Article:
Recalibration of the Pediatric Risk of Admission Score Using a Multi-Institutional Sample

James M. Chamberlain, Kantilal M. Patel, Murray M. Pollack, Anne Brayer, Charles G. Macias, Pamela Okada, Jeff E. Schunk

Research output: Contribution to journalArticle

15 Citations (Scopus)

Abstract

Study objective: Case-mix adjustment is a critical component of quality assessment and benchmarking. The Pediatric Risk of Admission (PRISA) score is composed of descriptive, physiologic, and diagnostic variables that provide a probability of hospital admission as an index of severity. The score was developed and validated in a single tertiary pediatric hospital emergency department (ED) after exclusion of children with minor injuries and illnesses. We provide a multi-institutional recalibration and validation of the PRISA score and test its performance in 4 additional EDs, including patients with minor injuries and illnesses. Methods: Masked, photocopied, randomly selected medical records of ED patients from 2000 were abstracted and were used to test the performance (discrimination and calibration) of the original PRISA score. This sample differed from the original PRISA sample by including 5 hospitals and including patients with minor injuries and minor illnesses. Independent variables included components of acute and chronic history, physiologic variables, and 3 ED therapies. The dependent variable was hospital admission. PRISA was then recalibrated as needed by using an 80% development sample and a 20% validation sample. Area under the curve and the Hosmer-Lemeshow goodness-of-fit test were used to measure, respectively, discrimination and calibration of the PRISA score after recalibration. We then applied the recalibrated PRISA score to secondary outcomes to test construct validity. We reasoned that a valid measure of ED severity should also be associated with the secondary outcomes of mandatory admissions (admissions using ≥1 inpatient resources) and ICU admissions. Results: The recalibrated PRISA score performed well in all deciles of predicted probability of admission. The area under the curve was 0.81 and the calibration was good (Hosmer-Lemeshow 10.658; df=8; P=.222) for the development sample, and the area under the curve was 0.785 with excellent calibration (Hosmer-Lemeshow 8.341; df=9; P=.500) for the validation sample. The overall development sample had 423.9 admissions predicted and 423 observed; the validation sample had 112.1 predicted and 110 observed. Conclusion: The PRISA score has been recalibrated and performs well in EDs of tertiary pediatric hospitals. Comparison with this benchmark may allow individual EDs to improve their performance and may provide insight into best practices.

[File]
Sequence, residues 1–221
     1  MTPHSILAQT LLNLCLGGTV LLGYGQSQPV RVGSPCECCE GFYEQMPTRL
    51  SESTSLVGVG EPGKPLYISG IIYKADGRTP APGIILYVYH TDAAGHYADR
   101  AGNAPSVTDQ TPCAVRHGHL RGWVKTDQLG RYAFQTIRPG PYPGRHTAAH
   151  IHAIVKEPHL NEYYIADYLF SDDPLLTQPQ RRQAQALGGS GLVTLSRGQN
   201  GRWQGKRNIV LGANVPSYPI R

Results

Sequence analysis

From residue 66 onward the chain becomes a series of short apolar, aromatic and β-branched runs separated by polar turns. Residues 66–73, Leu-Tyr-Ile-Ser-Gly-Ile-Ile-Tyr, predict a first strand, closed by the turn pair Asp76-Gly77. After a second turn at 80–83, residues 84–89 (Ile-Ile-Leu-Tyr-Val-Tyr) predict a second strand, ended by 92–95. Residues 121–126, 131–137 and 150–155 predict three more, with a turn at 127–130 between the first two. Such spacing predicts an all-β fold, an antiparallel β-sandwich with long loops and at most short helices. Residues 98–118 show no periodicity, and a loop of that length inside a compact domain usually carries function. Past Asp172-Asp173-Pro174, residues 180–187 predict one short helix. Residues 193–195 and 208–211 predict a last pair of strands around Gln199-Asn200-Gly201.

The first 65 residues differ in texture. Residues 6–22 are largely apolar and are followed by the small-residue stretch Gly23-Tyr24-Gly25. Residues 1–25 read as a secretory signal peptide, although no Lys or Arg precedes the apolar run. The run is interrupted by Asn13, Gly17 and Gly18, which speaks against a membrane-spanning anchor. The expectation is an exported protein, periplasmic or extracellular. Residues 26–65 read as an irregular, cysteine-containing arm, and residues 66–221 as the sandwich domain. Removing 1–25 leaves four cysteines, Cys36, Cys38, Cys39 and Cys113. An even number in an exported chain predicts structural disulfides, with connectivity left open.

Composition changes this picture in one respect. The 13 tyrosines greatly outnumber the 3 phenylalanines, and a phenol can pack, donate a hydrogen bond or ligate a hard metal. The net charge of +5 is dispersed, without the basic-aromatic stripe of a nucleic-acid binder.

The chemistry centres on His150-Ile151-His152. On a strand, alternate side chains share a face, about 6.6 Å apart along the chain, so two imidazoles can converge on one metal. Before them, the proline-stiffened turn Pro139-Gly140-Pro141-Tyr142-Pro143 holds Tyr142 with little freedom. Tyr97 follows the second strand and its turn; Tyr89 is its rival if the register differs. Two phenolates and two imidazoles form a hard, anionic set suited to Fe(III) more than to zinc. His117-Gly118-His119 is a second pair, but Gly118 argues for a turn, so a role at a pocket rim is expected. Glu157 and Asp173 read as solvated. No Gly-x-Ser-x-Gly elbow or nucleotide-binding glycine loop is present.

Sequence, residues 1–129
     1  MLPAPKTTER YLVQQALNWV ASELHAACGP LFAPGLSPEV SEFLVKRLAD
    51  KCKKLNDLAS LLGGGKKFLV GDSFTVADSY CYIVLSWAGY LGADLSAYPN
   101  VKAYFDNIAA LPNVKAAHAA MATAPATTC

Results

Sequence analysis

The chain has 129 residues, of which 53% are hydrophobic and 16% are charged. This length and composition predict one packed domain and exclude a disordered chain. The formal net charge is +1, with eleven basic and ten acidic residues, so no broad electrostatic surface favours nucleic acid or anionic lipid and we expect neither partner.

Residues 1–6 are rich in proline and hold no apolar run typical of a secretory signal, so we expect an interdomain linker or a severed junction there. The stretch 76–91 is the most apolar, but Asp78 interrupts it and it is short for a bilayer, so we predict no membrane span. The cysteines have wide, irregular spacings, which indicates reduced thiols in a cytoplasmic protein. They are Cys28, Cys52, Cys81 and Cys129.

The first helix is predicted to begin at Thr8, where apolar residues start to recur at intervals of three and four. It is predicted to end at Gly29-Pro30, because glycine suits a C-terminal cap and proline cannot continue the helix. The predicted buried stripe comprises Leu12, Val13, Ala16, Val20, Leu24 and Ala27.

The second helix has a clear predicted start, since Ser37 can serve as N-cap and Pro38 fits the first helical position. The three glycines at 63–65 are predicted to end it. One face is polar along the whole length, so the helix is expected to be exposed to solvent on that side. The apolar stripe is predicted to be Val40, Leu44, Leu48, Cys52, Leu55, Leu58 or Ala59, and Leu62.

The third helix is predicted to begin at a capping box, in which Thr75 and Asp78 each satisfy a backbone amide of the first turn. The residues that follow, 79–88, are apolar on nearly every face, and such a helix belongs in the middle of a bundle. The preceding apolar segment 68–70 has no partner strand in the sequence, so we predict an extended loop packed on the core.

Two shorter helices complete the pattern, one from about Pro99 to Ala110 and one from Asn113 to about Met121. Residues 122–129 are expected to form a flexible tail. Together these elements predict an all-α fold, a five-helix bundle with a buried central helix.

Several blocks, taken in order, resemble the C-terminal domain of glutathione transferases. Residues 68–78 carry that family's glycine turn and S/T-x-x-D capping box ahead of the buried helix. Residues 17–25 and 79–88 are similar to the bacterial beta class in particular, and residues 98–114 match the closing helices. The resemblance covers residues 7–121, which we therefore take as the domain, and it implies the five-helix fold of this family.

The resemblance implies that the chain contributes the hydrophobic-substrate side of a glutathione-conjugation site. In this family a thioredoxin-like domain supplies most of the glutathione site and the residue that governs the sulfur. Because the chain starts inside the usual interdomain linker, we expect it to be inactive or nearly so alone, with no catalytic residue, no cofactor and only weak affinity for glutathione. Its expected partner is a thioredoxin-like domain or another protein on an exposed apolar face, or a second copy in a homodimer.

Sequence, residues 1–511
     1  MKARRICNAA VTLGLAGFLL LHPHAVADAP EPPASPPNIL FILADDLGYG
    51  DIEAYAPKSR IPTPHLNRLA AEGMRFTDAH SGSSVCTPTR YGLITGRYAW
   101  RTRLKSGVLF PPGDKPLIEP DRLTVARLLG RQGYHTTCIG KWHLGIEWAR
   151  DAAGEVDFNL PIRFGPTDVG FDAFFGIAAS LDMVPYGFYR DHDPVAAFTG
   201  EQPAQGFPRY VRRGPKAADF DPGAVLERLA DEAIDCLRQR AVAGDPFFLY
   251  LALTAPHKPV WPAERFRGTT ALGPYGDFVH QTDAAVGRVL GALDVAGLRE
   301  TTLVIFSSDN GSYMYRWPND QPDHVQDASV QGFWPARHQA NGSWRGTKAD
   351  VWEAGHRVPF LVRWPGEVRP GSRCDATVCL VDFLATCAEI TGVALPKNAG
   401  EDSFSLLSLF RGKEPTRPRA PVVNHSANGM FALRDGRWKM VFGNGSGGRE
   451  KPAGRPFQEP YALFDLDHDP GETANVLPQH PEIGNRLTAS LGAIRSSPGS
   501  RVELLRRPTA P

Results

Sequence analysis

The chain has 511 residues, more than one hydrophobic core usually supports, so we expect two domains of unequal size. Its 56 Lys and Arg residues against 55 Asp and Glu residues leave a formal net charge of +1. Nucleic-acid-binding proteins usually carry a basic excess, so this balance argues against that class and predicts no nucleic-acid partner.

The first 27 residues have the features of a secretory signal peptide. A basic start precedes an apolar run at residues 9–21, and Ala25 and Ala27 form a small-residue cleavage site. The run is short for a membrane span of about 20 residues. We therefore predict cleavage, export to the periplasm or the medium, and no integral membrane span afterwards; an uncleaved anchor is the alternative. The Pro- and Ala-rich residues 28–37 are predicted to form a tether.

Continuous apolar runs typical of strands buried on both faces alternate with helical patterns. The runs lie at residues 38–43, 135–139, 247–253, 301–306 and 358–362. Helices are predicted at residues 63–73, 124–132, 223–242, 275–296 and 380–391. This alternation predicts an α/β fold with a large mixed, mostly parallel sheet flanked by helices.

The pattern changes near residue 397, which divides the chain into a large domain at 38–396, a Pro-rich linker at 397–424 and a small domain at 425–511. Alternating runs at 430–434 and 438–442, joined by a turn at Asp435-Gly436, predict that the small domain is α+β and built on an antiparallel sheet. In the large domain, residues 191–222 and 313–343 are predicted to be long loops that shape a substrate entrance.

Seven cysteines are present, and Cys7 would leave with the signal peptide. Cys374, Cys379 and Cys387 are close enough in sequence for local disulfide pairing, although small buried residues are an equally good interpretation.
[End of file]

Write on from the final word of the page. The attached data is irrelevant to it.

Original languageEnglish (US)
Pages (from-to)461-468
Number of pages8
JournalAnnals of Emergency Medicine
Volume43
Issue number4
DOIs
StatePublished - Apr 2004

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Pediatrics
Calibration
Hospital Emergency Service
Area Under Curve
Benchmarking
Pediatric Hospitals
Tertiary Care Centers
Wounds and Injuries
Hospital Medical Records Department
Risk Adjustment
Emergency Treatment
Hospital Departments
Practice Guidelines
Inpatients
History

ASJC Scopus subject areas

  • Emergency Medicine

Cite this

Chamberlain, J. M., Patel, K. M., Pollack, M. M., Brayer, A., Macias, C. G., Okada, P., & Schunk, J. E. (2004). Recalibration of the Pediatric Risk of Admission Score Using a Multi-Institutional Sample. Annals of Emergency Medicine, 43(4), 461-468. https://doi.org/10.1016/j.annemergmed.2003.08.001

Recalibration of the Pediatric Risk of Admission Score Using a Multi-Institutional Sample. / Chamberlain, James M.; Patel, Kantilal M.; Pollack, Murray M.; Brayer, Anne; Macias, Charles G.; Okada, Pamela; Schunk, Jeff E.

In: Annals of Emergency Medicine, Vol. 43, No. 4, 04.2004, p. 461-468.

Research output: Contribution to journalArticle

Chamberlain, James M. ; Patel, Kantilal M. ; Pollack, Murray M. ; Brayer, Anne ; Macias, Charles G. ; Okada, Pamela ; Schunk, Jeff E. / Recalibration of the Pediatric Risk of Admission Score Using a Multi-Institutional Sample. In: Annals of Emergency Medicine. 2004 ; Vol. 43, No. 4. pp. 461-468.
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